A power control method of another scope of the invention has periodically counting a value between a first value and a second value by a counter, continuously determining a third value between the first value and the second value, based on a voltage difference between an output voltage and a reference voltage, alternately switching a first switching element and a second switching element, based on a small and large relation between a counting value of the counter and the third value, and resetting a counting value of the counter to the first value, based on the voltage difference or a current value at the second switching element.

BRIEF DESCRIPTION OF THE DRAWINGS

FIG. 1 is a circuit diagram showing a DC-DC converter according to the first embodiment of the invention.

FIG. 2 is a block diagram showing an example of construction of a compensator.

FIG. 3 is a flow chart showing an operation procedure of the DC-DC converter according to the first embodiment of the invention.

FIG. 4 is a diagram showing an operating wave form at the DPWM control.

FIG. 5 is a diagram showing an operating wave form at the DPFM control.

FIG. 6 is a circuit diagram showing a DC-DC converter according to the second embodiment of the invention.

FIG. 7 is a flowchart showing one example of an operation procedure of the DC-DC converter according to the second embodiment of the invention.

FIG. 8 is a schematic diagram showing the transition of operating state at the operating time of FIG. 7.

FIG. 9 is a flow chart showing other example of an operation procedure of the DC-DC converter according to the second embodiment of the invention.

FIG. 10 is a schematic diagram showing the transition of operating state at the operating time of FIG. 9.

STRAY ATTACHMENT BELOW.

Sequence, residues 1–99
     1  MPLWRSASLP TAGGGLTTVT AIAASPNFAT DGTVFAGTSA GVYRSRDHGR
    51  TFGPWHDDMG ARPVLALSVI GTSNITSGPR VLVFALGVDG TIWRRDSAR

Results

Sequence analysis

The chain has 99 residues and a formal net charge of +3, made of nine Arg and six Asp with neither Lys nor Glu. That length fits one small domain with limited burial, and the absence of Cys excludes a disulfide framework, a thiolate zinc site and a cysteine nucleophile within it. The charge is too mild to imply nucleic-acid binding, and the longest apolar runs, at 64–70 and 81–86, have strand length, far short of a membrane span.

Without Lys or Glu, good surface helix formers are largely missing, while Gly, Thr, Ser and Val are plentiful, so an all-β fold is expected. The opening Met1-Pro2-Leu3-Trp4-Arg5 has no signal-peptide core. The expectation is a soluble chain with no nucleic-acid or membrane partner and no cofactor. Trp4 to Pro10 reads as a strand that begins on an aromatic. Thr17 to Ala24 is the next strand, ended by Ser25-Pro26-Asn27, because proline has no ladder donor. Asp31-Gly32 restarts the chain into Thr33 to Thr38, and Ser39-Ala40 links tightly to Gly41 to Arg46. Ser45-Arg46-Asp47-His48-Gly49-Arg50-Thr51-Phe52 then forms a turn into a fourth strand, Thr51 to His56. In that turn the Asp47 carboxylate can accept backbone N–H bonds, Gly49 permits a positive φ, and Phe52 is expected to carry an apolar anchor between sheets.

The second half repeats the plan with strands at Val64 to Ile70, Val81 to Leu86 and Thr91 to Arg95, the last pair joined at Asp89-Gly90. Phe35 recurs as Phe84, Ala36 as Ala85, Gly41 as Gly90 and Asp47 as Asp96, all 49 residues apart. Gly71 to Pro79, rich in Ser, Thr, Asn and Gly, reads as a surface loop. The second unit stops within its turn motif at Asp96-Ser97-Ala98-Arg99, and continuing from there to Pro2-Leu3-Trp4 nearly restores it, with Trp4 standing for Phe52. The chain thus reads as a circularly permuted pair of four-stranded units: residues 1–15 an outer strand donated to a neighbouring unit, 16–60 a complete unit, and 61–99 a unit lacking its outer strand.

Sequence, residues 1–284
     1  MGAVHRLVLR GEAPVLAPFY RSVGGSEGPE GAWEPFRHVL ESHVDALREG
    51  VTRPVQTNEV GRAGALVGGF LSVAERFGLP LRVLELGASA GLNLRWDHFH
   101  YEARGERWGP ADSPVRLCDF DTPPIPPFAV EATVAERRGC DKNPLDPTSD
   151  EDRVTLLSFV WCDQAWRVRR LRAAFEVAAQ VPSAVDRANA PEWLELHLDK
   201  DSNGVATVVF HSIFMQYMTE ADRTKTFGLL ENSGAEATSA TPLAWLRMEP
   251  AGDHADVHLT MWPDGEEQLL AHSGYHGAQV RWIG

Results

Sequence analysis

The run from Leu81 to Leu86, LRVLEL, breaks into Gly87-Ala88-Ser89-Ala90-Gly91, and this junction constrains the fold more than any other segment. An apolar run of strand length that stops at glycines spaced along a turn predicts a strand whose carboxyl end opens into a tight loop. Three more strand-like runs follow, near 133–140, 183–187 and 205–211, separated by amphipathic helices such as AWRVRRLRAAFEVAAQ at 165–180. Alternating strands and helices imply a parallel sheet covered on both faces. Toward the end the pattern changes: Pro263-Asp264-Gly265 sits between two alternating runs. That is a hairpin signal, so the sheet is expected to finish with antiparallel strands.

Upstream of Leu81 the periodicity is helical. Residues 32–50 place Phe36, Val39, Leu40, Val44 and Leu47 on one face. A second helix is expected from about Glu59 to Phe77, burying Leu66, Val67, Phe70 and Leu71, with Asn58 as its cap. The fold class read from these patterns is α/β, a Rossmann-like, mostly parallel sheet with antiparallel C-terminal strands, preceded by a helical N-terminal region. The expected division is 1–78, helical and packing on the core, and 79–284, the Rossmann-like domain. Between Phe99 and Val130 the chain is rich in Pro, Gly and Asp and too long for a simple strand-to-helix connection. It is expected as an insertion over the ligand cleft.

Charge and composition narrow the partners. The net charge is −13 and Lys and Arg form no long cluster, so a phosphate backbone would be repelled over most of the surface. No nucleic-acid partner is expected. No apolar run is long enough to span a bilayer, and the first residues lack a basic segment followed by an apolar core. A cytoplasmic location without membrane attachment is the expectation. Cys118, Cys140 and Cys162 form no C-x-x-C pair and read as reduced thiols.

FIG. 11 is a flow chart showing further other example of an operation procedure of the DC-DC converter according to the second embodiment of the invention.

FIG. 12 is a schematic diagram showing the transition of operating state at the operating time of FIG. 11.

FIG. 13 is a diagram showing an operating wave form at the DPFM control.

FIG. 14 is a circuit diagram showing a DC-DC converter according to the third embodiment of the invention.

FIG. 15 is a flow chart showing further other example of an operation procedure of the DC-DC converter according to the third embodiment of the invention.

FIG. 16 is a circuit diagram showing a DC-DC converter according to the fourth embodiment of the invention.

FIG. 17 is a flow chart showing an operation procedure of the DC-DC converter according to the fourth embodiment of the invention.

FIG. 18 is a diagram showing an operating wave form at the DPFM control.

FIG. 19 is a circuit diagram showing a DC-DC converter according to the fifth embodiment of the invention.

FIG. 20 is a circuit diagram showing a DC-DC converter according to the sixth embodiment of the invention.

FIG. 21 is a timing chart showing a voltage wave form outputting from DPWM controller according to the sixth embodiment of the invention.

DESCRIPTION OF THE EMBODIMENTS

Below, we will describe embodiments of the invention in detail while referring to the drawings.

First Embodiment